Unfortunately, at some point, we all have to go through the loss of a beloved pet. For most pet owners, their animal is part of their family and it’s a very difficult thing to go through when you are faced with the decision to possibly euthanize. A lot of owners will ask us questions like; how do I know if this is the best decision? What would you do? The truth is, nobody can make the decision but you. This is a very personal decision, and you have to make the call if you think your pet is suffering or if its quality of life has diminished. Here are some answers to some very frequently asked questions.
How does euthanasia work?
Euthanasia is a very humane way to put an animal to sleep. It is essentially an overdose of a barbiturate drug administered in the vein. It shuts down the brain, heart and all major organs within seconds. This process is painless and peaceful.
What can I expect when coming in for a euthanasia appointment?
When you come in to our hospital, we will give you the option of staying or dropping off your pet. First thing, we will get you to sign some consent forms and take care of the bill first. This way, you don’t need to worry about coming to the reception after the procedure; you’ll be able to leave privately. If you decide to stay, once all the paperwork is complete we will bring you to our family room if it is available, if not an exam room. The family room is a private room where it is a little bit cozier than an average exam room and has a private exit door. It has furniture and refreshments for the client’s comfort as well.
The doctor will come in and we will at that point give an injection for sedation. This will relax your pet and make the procedure more comfortable for the pet, as well as for the owners. After about 10-15 minutes, your pet will be sedate and we will then bring your pet out back to our treatment area. We will place a catheter in an accessible vein, and then we will return them to you in the family room. At that point, when you are ready and comfortable to proceed, the doctor will come in with an injection. The injection is administered through the IV catheter, and as mentioned earlier, will only usually take seconds for your pet to pass away.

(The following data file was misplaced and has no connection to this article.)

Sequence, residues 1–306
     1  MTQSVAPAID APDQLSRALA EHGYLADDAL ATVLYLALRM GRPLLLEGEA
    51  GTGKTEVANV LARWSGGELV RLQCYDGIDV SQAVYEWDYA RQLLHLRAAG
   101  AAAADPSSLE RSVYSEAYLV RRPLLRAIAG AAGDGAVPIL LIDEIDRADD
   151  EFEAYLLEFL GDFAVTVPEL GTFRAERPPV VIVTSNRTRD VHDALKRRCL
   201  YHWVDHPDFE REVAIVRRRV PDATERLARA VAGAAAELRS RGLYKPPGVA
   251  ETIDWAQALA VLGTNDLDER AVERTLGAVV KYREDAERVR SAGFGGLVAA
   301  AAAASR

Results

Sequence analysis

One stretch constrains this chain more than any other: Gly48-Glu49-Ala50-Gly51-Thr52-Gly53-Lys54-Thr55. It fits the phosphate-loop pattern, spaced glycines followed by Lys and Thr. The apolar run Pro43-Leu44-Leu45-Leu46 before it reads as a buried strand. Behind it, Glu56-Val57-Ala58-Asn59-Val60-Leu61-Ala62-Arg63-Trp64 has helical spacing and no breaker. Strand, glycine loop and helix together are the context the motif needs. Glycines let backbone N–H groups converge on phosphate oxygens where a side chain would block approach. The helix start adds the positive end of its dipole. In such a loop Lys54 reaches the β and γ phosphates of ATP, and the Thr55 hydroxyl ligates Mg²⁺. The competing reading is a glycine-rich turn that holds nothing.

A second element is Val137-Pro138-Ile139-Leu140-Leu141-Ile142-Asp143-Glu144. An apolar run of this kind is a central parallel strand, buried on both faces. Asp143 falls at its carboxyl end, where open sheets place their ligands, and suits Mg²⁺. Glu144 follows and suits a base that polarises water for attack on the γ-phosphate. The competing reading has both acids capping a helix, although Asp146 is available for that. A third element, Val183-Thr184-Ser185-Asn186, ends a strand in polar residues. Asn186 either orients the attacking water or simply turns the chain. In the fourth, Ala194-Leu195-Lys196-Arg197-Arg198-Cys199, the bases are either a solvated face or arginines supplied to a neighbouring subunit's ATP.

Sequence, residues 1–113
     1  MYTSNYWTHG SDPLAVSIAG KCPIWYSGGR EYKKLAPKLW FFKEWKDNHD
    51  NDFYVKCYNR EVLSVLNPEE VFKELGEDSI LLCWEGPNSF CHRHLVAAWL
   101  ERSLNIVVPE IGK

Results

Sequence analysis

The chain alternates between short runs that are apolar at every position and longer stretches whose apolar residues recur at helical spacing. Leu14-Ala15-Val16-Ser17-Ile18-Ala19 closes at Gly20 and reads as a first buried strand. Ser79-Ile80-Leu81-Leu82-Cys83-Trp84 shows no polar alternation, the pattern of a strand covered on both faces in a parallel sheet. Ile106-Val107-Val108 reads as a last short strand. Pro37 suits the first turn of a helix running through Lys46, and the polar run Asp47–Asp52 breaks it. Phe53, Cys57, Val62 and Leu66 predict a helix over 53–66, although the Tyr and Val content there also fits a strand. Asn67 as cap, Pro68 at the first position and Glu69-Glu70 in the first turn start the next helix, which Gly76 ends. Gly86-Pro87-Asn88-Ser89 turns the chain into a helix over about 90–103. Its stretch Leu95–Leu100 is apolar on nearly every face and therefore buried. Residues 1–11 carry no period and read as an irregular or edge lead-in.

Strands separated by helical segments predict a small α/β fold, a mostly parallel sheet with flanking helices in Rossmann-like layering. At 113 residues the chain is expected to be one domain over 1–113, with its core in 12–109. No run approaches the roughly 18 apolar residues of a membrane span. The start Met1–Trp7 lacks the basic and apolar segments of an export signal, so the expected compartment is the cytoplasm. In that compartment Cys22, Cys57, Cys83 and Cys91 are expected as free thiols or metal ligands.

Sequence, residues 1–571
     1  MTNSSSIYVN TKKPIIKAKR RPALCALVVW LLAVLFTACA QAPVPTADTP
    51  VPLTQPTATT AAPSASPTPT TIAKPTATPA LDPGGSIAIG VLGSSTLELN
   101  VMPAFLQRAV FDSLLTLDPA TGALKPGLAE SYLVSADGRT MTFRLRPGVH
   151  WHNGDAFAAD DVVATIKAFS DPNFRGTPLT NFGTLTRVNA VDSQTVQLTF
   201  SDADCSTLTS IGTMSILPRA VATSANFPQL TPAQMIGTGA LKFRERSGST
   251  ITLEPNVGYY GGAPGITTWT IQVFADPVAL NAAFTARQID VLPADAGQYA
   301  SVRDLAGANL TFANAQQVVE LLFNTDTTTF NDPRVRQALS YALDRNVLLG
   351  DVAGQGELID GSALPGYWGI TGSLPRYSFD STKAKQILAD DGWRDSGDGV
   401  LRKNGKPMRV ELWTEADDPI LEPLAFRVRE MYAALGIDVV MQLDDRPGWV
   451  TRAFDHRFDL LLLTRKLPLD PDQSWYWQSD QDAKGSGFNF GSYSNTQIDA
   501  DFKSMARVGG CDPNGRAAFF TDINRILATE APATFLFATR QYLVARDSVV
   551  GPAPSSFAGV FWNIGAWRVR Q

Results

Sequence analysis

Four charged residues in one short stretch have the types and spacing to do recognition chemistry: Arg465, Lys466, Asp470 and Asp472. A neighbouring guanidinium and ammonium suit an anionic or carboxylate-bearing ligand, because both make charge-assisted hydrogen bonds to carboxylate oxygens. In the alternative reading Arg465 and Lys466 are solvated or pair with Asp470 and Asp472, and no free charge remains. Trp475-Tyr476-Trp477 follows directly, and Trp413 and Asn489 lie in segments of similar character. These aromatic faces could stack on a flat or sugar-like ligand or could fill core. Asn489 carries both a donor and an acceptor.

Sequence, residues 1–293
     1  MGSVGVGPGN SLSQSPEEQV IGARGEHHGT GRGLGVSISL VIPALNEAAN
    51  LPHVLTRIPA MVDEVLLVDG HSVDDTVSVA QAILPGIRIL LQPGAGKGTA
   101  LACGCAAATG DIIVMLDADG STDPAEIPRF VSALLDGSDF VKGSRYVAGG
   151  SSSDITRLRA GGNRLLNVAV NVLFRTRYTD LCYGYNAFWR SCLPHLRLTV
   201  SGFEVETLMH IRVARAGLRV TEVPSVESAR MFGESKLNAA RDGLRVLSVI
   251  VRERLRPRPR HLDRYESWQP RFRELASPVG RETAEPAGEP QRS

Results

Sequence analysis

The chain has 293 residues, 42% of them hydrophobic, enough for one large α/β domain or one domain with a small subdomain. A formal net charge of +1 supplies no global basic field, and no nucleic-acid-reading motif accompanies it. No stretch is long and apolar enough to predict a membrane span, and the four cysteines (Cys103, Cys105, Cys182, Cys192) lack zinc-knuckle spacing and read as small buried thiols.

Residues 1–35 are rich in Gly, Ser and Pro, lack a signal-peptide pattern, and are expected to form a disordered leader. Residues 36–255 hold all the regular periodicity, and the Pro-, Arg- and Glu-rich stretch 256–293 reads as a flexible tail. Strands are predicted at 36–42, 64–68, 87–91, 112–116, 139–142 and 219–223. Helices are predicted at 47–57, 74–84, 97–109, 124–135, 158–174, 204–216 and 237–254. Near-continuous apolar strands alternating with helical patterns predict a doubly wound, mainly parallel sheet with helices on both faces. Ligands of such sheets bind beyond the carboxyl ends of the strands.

It is usually very peaceful and it seems like your pet is just falling asleep. The doctor will check the vital signs to confirm the pet is deceased. You then have the choice to stay for while or leave when you choose. There are things you should know or be prepared for after your pet is gone: There may be some muscle spasms, your pet may urinate or defecate, they may take what looks to be irregular breaths which are associated with the muscle spasms, and unlike with humans, their eyes will usually stay open.
What options do I have concerning aftercare?
As you are signing the consent form, we will ask you what your wishes are. You may choose to bring the body with you and have an at-home private burial, you may want them cremated, or we also offer a private cremation where you get the remains returned to you in a beautiful wooden urn (prices vary with each option). We also offer to make a complimentary paw print for you if you wish to have one.
Euthanasia is definitely a big decision and should be discussed and thought through. Unfortunately it is not always black and white and it’s hard to make the decision on when it’s the right time to let your pet go. Having a good support system and being surrounded by people that you love is definitely helpful, and you might find it easier to bring someone with you to the appointment. Remember that it’s okay if a family member does not react that same way as you do; everybody grieves differently.
We know that this decision is the toughest for pet owners, the team at Riverview Animal Hospital would like to ensure that all Riverview community members have the information they are seeking about euthanasia. If you have any questions about saying goodbye to your pet please do not hesitate to contact our veterinary team.